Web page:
The first time we went to the temple I had the pleasure of meeting some of the Jain Guru, Maharaj Saheb. I was very nervous, I was walking into a place of worship and I didn't really know the proper etiquette. Milind and his father guided me through the space and introduced me to the five wonderful women. They gave me blessings by saying a prayer of sorts over me, I touched their feet and they placed sandalwood powder in my hair, then they tied a colorful bracelet around my right hand. I talked to them for what seems like hours and they were so welcoming! They are inspiring women, full of the excitement to share their knowledge and spread love and understanding with sincerity. They gave me a book with the phonetic way to say their chants in English.
I came back the next day to participate in a puja, or act of worship. This requires wearing clothes that you have never had food or drink in. This means all clothes - under things included. Milind's wonderful mother found me some clothes to wear the night before and I have to say it was super comfy and REALLY pretty with green and red patterns over the tunic and red pants embroidered with gold designs on the ankle, then a shawl or dupatta for me to cover my head.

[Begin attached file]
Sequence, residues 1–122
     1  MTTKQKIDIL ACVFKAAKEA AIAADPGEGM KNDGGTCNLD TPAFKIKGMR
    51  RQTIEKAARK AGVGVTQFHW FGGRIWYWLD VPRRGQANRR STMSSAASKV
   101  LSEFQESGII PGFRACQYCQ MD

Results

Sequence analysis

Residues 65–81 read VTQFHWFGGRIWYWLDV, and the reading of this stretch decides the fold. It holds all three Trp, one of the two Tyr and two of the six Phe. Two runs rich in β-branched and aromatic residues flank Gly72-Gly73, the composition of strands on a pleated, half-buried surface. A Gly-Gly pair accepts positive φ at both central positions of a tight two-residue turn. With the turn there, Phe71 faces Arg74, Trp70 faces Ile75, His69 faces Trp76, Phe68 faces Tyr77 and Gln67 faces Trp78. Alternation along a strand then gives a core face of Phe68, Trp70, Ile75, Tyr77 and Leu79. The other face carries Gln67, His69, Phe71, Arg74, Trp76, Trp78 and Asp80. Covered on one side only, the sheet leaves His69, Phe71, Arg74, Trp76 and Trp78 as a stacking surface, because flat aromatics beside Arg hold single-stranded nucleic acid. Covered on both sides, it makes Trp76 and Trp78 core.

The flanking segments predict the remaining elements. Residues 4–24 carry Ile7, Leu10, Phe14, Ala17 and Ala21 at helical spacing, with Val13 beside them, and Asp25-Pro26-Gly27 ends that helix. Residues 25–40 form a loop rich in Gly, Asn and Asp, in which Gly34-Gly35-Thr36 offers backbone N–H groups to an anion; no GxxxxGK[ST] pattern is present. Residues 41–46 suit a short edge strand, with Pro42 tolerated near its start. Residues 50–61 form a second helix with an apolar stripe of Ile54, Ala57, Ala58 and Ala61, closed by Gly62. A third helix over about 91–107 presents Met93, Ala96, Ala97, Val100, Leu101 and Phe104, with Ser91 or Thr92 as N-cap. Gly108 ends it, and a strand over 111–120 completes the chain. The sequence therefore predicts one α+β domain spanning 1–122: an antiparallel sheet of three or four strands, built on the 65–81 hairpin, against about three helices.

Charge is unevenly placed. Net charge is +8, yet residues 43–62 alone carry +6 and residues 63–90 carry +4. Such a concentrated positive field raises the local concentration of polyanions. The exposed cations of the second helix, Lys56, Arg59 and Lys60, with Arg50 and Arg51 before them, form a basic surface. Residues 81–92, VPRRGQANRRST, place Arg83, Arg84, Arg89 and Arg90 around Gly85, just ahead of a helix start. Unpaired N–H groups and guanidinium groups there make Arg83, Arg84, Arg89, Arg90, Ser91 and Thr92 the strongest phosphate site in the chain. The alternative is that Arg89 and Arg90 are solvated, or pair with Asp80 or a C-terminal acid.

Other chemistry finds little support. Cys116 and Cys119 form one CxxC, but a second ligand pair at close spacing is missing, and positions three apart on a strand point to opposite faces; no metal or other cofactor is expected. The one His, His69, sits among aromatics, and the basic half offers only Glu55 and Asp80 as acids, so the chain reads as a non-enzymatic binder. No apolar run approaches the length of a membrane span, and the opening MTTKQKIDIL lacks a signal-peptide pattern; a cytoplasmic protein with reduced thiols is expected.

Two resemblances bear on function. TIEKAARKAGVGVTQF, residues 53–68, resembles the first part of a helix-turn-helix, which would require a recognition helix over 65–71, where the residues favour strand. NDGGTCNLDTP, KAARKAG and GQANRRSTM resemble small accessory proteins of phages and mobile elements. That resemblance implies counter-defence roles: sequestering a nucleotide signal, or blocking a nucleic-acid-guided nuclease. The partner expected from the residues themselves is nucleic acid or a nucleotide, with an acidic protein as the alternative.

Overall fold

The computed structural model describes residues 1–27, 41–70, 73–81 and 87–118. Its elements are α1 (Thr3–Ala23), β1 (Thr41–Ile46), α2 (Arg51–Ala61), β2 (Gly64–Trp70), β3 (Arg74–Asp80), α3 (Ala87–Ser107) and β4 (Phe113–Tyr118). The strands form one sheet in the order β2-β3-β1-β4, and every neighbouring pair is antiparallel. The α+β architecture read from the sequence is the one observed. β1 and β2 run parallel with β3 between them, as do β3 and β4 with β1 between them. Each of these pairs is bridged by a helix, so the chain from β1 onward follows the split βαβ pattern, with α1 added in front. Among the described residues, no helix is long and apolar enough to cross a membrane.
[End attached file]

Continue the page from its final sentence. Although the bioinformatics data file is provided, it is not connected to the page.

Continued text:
I followed the first part of the puja as best I could as Milind lead me through, then was guided by a female member of the community through the rest since men and women sit separately through the rest of the proceedings. The last part was standing, kneeling, and bowing 108 times while singing a song about a pilgrimage. The Guru women kept turning around telling me that it was okay to sit if my legs hurt and that I didn't need to stand up and kneel for the whole thing. I made it through the 108 and admire the effort it takes for the people who may do this every day!